Then why don’t atheists speak in unison to oppose abortion and speak out for babies and stand up for them?3 Here is why: building on evolutionist Ernst Haeckel, consistent atheists could view babies as simply going through animal phases in the womb per the recapitulation theory (e.g., supposed “gill slits,” “yolk sac,” etc., in the womb). And if you can get rid of spare rats, then get rid of spare kids. Aborted children are simply seen as not fit to survive in the atheistic viewpoint, a similar evil to Herod and Pharaoh, who killed kids.
When a child is kidnapped, we work together to find the child. We do not tolerate abuse and neglect.
If society did this, then kids would not be kidnapped, would they? Sadly, there are those in society that do kidnap children. It is very Christian of you to oppose such things, but as an atheist, why would you care if a child is kidnapped or abused or neglected? Animals do such things all the time; murder, rape, abuse, steal baby animals from other animals, eat their own, and so on.
Why can’t God, with all his powers of omnipotence, protect the innocent?
Again, no one is innocent. And such things are the result of humans sinning and being disobedient to God’s Word. If they obeyed God’s Word, these evils would not happen. But God made people in His image, not “robots”.
God is not present.
He is not here.
Only someone who is truly omnipresent could back up such a definitive statement. In saying that, you are claiming to be the omnipresent God, which is blasphemy—and even if that were true (which it isn’t), that would refute your position that God is not present, since you are. But you are not God, and your assertion is arbitrary. God upholds all things that have been created. But further, God is spirit. In summary, God disagrees with you.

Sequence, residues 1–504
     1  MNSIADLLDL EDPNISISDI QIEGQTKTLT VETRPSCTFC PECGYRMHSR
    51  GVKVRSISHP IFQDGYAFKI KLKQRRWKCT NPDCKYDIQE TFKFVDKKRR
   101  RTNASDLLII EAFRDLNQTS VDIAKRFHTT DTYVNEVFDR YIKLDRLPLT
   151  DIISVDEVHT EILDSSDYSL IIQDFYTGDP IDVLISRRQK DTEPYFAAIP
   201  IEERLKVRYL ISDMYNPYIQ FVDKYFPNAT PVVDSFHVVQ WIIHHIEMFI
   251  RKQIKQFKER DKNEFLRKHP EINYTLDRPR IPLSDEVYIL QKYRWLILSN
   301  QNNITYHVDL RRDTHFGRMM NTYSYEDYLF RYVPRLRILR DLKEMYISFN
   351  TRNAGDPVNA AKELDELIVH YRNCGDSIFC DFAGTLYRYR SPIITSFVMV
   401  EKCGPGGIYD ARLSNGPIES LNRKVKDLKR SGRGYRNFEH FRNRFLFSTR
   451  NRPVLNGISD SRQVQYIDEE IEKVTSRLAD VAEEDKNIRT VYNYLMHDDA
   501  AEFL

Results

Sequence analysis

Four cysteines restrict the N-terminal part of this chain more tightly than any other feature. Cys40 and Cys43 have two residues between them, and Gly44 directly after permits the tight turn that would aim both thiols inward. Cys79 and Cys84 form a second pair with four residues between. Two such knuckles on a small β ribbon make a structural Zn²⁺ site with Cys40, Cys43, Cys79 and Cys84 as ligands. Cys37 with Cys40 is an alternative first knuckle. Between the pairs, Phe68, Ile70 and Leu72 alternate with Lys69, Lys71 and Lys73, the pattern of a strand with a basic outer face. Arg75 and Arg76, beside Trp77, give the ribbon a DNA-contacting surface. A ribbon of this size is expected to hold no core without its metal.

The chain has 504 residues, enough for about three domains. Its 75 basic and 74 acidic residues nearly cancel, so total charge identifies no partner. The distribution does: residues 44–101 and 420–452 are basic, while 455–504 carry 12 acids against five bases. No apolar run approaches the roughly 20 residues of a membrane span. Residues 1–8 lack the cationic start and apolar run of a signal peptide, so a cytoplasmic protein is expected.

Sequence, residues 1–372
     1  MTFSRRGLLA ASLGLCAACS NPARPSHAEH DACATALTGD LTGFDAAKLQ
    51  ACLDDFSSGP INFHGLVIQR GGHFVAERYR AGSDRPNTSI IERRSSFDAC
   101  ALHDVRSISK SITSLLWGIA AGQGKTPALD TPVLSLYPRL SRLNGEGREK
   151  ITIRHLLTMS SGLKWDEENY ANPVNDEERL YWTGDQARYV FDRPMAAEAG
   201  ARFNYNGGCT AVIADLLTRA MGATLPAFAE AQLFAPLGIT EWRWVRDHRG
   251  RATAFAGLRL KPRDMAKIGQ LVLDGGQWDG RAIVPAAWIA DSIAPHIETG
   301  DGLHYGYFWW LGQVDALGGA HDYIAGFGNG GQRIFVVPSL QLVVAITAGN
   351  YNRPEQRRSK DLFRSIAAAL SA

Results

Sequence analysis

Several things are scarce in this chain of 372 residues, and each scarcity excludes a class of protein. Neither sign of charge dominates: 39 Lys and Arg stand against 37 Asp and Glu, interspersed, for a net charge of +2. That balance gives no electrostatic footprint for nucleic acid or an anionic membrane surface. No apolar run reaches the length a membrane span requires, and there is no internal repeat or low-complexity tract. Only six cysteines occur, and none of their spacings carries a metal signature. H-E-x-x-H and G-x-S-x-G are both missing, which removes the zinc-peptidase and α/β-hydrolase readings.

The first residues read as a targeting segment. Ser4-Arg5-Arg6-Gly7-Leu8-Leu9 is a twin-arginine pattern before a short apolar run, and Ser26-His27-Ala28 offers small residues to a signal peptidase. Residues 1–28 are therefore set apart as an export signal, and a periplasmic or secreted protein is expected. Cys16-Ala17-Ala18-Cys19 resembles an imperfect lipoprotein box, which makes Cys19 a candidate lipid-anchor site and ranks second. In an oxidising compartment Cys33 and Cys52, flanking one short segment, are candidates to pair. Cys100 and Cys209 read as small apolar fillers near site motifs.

Telling our children to love a person they cannot see, smell, touch or hear does not make sense.
Can children see, smell, touch, hear, or taste their great, great, great, grandfather? Can they do these things to George Washington? Can they see children in the future or around the world with whom they have no contact? So can one love these people, by the philosophy presented here?
It means that we teach children to love an image, an image that lives only in their imaginations.
By this standard, why care about the next generation of kids, whom you cannot touch, see, or sense in any way, since you say it is impossible to love that which you cannot sense. In other words, by your proposed standard those that died in the school shooting in Connecticut die without love or remorse in your heart because it is impossible for you to care for them as you have not seen, smelled, touched, heard, or tasted them. No, at best you saw some pixels on a screen.
But really one needs to get back to biblical authority if they want a proper understanding of love in general. The issue is trusting a person (arbitrary and subjective) or trusting God (who is the ultimate authority on the subject and thus, non-arbitrary).
What we teach them, in effect, is to love an idea that we have created, one that is based in our fears and our hopes.
But love, in an atheistic worldview, is nothing but a chemical reaction—as are hope, ideas, and fear. These are meaningless in an atheistic worldview. By this standard presented to us, it would be impossible to love the idea of children around the world whom cannot be seen, smelled, touched, heard, or tasted.
There is an entirely different way of understanding things when one realizes that he or she was created by God, as opposed to thinking that mankind created God as Darwin said.